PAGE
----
How would I show that 1/log(subscript a) b = log(subscript b) a ?

I'm not sure where to start because of the different bases.

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- November 29th 2010, 02:02 PMTN17Is this logarithm true?
How would I show that 1/log(subscript a) b = log(subscript b) a ?

I'm not sure where to start because of the different bases. - November 29th 2010, 02:08 PMPlato
- November 29th 2010, 02:09 PMTN17
Yes, sorry for the typo.

- November 29th 2010, 02:20 PMTN17
- November 29th 2010, 02:20 PMPlato
You should know that .

So what does - November 29th 2010, 02:35 PMTN17
Hm... we haven't learned ln yet.

The teacher mentioned it really briefly in class, but didn't do a lesson on it. - November 29th 2010, 02:37 PMPlato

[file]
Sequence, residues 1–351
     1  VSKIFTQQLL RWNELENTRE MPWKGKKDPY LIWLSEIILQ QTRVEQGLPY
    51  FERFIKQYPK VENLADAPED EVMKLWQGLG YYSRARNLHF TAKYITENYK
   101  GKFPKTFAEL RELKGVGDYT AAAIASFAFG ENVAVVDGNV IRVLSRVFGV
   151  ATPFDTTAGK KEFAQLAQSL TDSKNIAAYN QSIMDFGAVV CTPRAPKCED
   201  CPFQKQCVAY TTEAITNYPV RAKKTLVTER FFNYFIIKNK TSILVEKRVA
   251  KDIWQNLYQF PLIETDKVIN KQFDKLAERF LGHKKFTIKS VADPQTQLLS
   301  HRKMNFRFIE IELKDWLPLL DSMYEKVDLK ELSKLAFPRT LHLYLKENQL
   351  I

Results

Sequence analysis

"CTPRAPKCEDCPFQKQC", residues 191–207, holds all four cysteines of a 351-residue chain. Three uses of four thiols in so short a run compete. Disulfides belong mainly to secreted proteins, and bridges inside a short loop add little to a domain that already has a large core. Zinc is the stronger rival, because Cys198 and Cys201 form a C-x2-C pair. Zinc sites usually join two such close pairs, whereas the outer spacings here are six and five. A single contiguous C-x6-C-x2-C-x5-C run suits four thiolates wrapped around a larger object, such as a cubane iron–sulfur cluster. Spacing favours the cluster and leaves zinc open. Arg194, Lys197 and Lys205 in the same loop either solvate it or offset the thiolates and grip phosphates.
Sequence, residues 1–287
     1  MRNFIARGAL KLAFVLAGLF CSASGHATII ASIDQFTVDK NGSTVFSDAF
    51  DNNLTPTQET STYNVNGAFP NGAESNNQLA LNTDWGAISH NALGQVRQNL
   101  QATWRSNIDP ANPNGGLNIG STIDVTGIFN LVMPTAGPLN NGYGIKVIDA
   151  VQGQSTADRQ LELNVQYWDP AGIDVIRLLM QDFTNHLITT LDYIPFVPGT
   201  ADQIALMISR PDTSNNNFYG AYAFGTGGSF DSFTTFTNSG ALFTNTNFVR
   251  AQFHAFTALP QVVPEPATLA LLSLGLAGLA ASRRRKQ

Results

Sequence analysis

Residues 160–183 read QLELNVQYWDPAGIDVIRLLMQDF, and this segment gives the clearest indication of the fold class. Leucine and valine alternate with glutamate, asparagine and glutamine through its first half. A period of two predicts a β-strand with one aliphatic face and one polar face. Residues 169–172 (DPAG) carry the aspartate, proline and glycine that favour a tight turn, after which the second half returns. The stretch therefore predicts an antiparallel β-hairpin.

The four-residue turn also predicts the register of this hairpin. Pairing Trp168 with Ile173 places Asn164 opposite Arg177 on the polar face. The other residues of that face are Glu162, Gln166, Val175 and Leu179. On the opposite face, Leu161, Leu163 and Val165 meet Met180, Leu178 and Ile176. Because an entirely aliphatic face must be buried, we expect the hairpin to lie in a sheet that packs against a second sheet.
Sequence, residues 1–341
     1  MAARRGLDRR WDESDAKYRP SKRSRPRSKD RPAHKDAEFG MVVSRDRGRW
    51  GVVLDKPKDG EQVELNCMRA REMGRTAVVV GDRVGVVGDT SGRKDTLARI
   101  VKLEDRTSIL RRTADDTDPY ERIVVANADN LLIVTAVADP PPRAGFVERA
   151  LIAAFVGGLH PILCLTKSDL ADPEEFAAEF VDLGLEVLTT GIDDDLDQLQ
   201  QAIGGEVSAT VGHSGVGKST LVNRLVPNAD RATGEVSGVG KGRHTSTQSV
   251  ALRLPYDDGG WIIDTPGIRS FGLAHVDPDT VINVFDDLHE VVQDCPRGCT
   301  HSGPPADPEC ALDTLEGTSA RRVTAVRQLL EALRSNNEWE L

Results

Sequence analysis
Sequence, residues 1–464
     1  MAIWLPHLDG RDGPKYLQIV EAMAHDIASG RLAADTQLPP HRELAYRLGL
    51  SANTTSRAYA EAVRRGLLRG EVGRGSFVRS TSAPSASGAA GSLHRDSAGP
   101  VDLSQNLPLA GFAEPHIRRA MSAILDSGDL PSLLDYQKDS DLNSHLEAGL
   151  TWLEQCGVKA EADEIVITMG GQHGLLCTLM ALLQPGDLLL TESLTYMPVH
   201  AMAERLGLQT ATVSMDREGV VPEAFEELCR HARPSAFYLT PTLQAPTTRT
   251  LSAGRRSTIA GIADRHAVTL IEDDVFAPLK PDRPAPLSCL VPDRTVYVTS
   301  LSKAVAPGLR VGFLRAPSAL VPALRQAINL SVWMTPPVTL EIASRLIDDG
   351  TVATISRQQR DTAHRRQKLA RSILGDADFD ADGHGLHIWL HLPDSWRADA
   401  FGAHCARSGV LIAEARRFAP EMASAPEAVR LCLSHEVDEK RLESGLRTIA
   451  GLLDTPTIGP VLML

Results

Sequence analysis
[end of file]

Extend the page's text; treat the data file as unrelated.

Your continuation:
- November 29th 2010, 02:55 PMTN17
Couldbn't I say that

log (subscript b) a = log a / log b is true for any base/subscript.

Then 1 / [log (subscript a) b] = 1 / [log b / log a]

Where 1 / [log b / log a]

=log a / log b

Now use the fact at the top to change this into

log a / log b = log (subscript b) a

Therefore, 1 / [log (subscript a) b] = log (subscript b) a.

? - November 29th 2010, 02:57 PMPlato
You have the idea.

- November 29th 2010, 03:11 PMArchie Meade
- November 29th 2010, 03:24 PMTN17
I understand up to where you wrote a = b(superscript y)

I don't understand how you got a(superscript x)(superscript y) and onward... - November 29th 2010, 03:39 PMPlato
- November 29th 2010, 03:43 PMArchie Meade
- November 29th 2010, 05:08 PMSoroban
Hello, TN17!

Quote:

Let the right side equal .[1]

Then we have: .

Take logs, base

. . . . . .

Substitute [1]: .

- November 29th 2010, 05:33 PMTN17
Thanks. : )